We talk a lot about blockchains. It’s a hot topic with nearly anyone involved in emerging technologies, and almost everyone has an opinion.
Executives and business professionals worry they might be falling behind on something revolutionary. Investors are eager to capitalize on the buzz in the traditional markets. Speculators are eager to play the cryptocurrency craze. And thousands of entrepreneurs are working hard to secure their piece of this disruptive technology.
There’s considerable debate about the utility of cryptocurrencies. Will they replace traditional currencies? Do they fill a niche as a “store of value” or a “medium of exchange”? Do they exist simply to avoid governments and regulators? But, the discussion is much simpler for blockchains. A blockchain is a tool in a technologist’s toolbox for addressing problems like tamper-resistance, trust and integrity.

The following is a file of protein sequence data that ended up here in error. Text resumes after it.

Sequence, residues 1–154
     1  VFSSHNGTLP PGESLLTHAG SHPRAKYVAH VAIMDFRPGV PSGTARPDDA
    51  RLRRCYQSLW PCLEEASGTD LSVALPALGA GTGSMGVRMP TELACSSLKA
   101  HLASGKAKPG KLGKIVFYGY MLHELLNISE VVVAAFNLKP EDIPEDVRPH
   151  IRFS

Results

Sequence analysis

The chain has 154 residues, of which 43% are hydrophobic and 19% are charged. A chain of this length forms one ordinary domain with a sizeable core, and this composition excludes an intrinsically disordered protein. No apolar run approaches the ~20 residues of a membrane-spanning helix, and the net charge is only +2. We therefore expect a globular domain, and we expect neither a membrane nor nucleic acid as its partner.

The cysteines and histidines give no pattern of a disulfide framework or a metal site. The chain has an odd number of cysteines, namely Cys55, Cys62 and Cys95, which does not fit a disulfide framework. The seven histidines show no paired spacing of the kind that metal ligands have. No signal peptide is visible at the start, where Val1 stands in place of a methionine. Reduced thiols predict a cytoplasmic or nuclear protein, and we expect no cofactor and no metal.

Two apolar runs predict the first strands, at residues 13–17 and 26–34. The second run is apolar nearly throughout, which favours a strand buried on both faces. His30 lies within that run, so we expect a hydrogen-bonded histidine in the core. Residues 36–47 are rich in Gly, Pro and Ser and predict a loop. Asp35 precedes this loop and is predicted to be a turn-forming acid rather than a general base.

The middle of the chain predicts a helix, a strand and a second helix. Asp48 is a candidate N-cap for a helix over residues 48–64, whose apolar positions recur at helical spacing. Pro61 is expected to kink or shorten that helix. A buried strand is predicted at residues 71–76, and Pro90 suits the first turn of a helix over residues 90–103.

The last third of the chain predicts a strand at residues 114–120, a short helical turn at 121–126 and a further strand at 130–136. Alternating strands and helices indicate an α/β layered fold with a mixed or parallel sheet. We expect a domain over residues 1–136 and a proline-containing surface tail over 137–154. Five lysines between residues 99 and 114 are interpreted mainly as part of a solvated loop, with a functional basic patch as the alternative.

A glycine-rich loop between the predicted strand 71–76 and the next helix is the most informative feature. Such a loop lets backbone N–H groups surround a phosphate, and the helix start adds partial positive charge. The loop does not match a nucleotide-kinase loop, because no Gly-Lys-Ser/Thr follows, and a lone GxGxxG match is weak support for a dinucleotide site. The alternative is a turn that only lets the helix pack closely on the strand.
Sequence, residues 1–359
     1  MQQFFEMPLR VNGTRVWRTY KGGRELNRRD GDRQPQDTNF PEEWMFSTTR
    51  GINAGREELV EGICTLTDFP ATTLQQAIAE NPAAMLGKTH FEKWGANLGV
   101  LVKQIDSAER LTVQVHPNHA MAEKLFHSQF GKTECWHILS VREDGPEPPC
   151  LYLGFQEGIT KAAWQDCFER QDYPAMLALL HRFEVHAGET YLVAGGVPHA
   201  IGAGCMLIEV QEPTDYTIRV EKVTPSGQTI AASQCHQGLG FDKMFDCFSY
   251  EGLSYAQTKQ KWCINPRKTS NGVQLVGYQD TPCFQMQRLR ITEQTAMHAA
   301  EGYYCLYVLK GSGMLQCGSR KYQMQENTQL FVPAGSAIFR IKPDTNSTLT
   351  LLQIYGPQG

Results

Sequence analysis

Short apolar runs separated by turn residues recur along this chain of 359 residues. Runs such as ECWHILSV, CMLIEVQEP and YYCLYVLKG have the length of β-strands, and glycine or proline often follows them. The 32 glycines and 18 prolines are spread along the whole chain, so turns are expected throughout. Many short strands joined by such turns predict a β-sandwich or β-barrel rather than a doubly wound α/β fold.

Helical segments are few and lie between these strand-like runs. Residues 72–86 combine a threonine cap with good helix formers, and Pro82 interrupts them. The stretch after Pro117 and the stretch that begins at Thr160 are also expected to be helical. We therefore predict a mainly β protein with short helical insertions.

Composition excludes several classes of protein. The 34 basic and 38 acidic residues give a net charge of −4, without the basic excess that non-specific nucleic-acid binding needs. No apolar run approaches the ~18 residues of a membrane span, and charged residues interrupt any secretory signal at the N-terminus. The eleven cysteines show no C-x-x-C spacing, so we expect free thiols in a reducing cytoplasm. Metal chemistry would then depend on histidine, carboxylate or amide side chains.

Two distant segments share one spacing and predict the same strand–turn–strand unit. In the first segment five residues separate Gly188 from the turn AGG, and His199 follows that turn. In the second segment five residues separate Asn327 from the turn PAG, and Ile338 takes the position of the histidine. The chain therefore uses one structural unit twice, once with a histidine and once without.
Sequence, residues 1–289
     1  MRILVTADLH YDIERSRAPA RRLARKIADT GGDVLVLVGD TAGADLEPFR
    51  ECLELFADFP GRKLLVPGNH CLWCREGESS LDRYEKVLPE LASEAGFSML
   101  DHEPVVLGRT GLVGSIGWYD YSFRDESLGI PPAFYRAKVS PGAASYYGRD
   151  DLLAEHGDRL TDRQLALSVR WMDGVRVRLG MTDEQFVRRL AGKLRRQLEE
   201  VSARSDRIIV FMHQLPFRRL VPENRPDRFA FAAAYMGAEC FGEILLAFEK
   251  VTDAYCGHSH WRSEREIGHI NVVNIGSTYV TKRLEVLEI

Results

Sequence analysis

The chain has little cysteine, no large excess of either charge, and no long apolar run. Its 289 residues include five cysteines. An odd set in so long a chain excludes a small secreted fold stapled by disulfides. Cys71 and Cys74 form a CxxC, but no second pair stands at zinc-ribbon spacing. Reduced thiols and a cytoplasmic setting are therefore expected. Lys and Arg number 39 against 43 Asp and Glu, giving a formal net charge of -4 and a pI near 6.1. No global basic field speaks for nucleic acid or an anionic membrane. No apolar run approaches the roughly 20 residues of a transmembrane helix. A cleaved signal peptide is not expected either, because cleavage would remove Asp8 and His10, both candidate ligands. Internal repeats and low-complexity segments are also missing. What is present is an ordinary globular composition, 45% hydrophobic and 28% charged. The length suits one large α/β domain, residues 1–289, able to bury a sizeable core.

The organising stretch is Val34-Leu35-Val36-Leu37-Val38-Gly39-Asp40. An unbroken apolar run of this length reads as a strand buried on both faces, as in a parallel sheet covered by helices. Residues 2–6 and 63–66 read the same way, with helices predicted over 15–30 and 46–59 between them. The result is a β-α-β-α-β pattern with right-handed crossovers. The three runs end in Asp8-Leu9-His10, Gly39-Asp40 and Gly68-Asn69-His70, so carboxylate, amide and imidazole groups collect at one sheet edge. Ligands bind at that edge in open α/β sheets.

A blockchain is a tool in a technologist’s toolbox for addressing problems like tamper-resistance, trust and integrity.
Blockchain itself is just a technology. A piece of the puzzle. It isn’t a business, it isn’t an application. There is an important distinction here: cryptocurrencies are built by using a blockchain. Consumers don’t set out to “use a blockchain,” they set out in search of a solution. And blockchain is a solution that could be applied to many technological problems.
In the last 6 months, we’ve experienced another bear market for cryptocurrencies, seeing a more than 80% crash in some values since the peak in December of 2017. As the market froth cools down for cryptocurrencies, we’ve seen interesting developments in applications of blockchain technology. Regardless of the value of Bitcoin and other cryptocurrencies, the excitement and potential of blockchain technologies is something to look forward to.
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